|Regions with significant populations|
|Islam ~ 67%
Ethiopian Orthodox ~ 33%
Traditional religion (Waaqeffanna)
|Related ethnic groups|
|Afar · Agaw · Amhara · Beja · Gurage · Saho · Somali · Tigrayans · Tigre · Sidama · other Cushitic peoples|
The Oromo people (Oromo: Oromoo; English: Oromo) are a Cushitic ethnic group inhabiting Ethiopia. They are one of the largest ethnic groups in Ethiopia and represent 34.5% of Ethiopia's population. Oromos speak the Oromo language as a mother tongue (also called Afaan Oromoo and Oromiffa), which is part of the Cushitic branch of the Afro-Asiatic language family. The word Oromo appeared in European literature for the first time in 1893 and slowly became common in the second half of the 20th century.
The Oromo people followed their traditional religion and used the gadaa system of governance. A leader elected by the gadaa system remains in power only for 8 years, with an election taking place at the end of those 8 years. From the 18th century to the 19th century, Oromos were the dominant influence in northern Ethiopia during the Zemene Mesafint period.
- 1 Origins and nomenclature
- 2 History
- 3 Demographics
- 4 Language
- 5 Religion
- 6 Society and culture
- 7 Contemporary era
- 8 Notable people
- 9 See also
- 10 References
- 11 Further reading
- 12 External links
Origins and nomenclature [ edit ]
The origins and prehistory of the Oromo people are unclear, in part because the Oromo people did not have a written history and instead passed on stories orally prior to the 16th century. Older and subsequent colonial era documents mention the Oromo people as Galla, but these documents were generally written by members of another ethnic groups.
Historical linguistics and comparative ethnology studies suggest that the Oromo people probably originated around the lakes Lake Chew Bahir and Lake Chamo. They are a Cushitic people who have inhabited the East and Northeast Africa since at least the early 1st millennium. The aftermath of the sixteenth century Abyssinian–Adal war led to Oromos to move to the north. The Harla were assimilated by the Oromo in Ethiopia.
The first verifiable record mentioning the Oromo people by a European cartographer is in the map made by the Italian Fra Mauro in 1460, which uses the term "Galla". The map was likely drawn after consultations with Ethiopian monks (which produced notable monks such as Abba Bahrey) who visited Italy in 1441 . Galla was a term for a river and a forest, as well as for the pastoral people established in the highlands of southern Ethiopia. This historical information, according to Mohammed Hassen, is consistent with the written and oral traditions of the Somalis. The historical evidence therefore suggests that the Oromo people were already established in the southern highlands in or before the 15th century, and that at least some Oromo people were interacting with other Ethiopian ethnic groups.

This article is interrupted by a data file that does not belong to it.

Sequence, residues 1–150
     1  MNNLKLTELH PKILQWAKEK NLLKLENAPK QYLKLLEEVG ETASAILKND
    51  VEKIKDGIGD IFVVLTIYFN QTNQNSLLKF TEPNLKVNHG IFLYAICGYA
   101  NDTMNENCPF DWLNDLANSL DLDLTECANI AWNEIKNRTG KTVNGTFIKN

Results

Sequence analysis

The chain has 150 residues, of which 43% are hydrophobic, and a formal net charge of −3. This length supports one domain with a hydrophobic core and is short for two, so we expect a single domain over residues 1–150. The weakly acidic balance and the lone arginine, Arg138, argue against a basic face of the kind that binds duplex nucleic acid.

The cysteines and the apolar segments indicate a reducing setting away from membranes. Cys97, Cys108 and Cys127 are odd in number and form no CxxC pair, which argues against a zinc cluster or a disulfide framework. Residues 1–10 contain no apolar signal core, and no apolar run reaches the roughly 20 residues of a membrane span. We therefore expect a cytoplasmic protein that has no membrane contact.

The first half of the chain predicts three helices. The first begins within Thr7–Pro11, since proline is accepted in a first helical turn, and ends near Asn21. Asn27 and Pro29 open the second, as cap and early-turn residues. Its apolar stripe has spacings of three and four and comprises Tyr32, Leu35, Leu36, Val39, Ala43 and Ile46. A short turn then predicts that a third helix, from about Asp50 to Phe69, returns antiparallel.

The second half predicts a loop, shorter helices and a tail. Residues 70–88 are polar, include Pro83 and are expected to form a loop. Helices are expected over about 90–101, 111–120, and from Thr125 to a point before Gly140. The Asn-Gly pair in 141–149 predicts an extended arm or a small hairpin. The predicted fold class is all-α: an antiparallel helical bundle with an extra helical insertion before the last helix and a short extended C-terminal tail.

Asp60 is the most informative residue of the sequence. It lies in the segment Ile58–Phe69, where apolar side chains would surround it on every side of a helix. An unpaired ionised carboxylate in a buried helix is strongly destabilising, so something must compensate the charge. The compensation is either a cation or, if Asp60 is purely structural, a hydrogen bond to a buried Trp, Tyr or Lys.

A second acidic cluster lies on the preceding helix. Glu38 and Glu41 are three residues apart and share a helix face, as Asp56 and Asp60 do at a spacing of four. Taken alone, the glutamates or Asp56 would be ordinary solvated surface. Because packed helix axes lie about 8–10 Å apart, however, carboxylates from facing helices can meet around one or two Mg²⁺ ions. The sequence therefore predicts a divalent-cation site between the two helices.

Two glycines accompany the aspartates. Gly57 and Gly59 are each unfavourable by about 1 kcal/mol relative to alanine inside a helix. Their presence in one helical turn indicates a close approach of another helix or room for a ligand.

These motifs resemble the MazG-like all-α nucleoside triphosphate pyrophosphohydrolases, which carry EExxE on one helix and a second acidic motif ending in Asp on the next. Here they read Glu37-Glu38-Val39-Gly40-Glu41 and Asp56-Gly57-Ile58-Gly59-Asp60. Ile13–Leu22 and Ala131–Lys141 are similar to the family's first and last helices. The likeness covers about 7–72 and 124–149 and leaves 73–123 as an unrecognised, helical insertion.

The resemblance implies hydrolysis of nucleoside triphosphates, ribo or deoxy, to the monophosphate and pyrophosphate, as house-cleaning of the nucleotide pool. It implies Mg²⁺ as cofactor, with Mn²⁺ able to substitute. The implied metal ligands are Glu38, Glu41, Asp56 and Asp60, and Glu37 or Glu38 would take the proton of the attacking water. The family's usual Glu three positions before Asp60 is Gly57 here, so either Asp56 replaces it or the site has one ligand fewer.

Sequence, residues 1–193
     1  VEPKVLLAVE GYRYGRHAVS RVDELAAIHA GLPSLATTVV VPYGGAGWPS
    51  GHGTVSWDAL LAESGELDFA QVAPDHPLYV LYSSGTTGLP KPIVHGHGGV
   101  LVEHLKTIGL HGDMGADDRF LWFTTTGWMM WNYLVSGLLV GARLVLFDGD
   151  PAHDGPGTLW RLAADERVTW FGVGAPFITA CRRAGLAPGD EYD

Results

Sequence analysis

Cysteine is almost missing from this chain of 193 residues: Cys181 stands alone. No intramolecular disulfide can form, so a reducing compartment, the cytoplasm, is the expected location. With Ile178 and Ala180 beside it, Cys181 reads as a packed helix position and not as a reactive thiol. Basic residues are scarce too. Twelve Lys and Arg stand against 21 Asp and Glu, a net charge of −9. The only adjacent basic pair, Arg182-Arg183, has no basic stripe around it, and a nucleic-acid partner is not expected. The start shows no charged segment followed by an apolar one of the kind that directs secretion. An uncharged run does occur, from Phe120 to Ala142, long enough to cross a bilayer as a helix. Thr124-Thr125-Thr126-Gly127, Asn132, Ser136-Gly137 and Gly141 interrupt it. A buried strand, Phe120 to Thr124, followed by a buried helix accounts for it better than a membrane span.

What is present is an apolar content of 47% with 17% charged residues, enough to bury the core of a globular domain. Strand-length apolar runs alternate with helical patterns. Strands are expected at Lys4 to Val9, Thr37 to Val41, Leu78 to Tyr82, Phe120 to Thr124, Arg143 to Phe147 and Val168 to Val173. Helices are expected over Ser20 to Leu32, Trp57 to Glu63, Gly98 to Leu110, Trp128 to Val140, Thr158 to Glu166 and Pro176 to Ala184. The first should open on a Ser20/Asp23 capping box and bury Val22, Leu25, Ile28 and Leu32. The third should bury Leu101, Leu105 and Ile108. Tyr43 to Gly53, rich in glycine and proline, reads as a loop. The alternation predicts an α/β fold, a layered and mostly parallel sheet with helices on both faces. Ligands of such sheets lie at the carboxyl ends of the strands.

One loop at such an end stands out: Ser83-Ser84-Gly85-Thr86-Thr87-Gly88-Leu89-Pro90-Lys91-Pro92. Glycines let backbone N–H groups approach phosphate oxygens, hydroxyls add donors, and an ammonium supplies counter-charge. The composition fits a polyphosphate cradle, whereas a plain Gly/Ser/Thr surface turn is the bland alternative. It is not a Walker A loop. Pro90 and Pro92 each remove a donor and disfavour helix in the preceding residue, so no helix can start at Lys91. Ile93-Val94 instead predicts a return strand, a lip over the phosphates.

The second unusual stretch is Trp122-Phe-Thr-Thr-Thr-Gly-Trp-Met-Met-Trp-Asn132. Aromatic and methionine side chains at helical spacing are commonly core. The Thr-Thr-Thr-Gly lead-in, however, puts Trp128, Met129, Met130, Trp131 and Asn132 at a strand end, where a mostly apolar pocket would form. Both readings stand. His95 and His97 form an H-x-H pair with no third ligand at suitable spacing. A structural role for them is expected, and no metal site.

After Fra Mauro's mention, there is a profusion of literature about the peoples of this region including the Oromo, particularly mentioning their wars and resistance to religious conversion, primarily by European explorers, Catholic Christians missionaries. Fra Mauro's term Galla is the most used term, however, until the early 20th century. The earliest primary account of Oromo ethnography is the 16th-century "History of Galla" by Christian monk Bahrey who comes from the Sidama country of Gammo, written in the Ge'ez language. According to an 1861 book by D'Abbadie. A journal published by International African Institute suggests it is an Oromo word (adopted by neighbours) for there is a word galla "wandering" in their language. The first known use of the word Oromo to refer to this ethnic group is traceable to 1893. The historic term for them has been Galla. This term, stated Juxon Barton in 1924, was in use for these people by Abyssinians and Arabs. The word Galla has been variously interpreted, such as it means "to go home", or it refers to a river named Galla in early Abyssinian tradition.
The Oromo never called themselves Galla, and resist its use. They traditionally identified themselves by one of their clans (gosas), and in contemporary times have used the common umbrella term of Oromo which connotes "free born people".
While Oromo people have lived in this region for a long time, the ethnic mixture of peoples who have lived here is unclear. According to Alessandro Triulzi, the interactions and encounters between Oromo people and Nilo-Saharan groups likely began early. The Oromos increased their numbers through Oromization (Meedhicca, Mogasa and Gudifacha) of mixed peoples (Gabbaro). The native ancient names of the territories were replaced by the name of the Oromo clans who conquered it while the people were made Gabbaros.. The word Oromo is derived from Ilm Orma meaning "children of Oromo", or "sons of Men", or "person, stranger".
History [ edit ]
Pre-19th century [ edit ]
Historically, Afaan Oromo-speaking people used their own Gadaa system of governance. Oromos also had a number of independent kingdoms, which they shared with the Sidama people. Among these were the Gibe region kingdoms of Kaffa, Gera, Gomma, Garo, Gumma, Jimma, Leeqa-Nekemte and Limmu-Ennarea.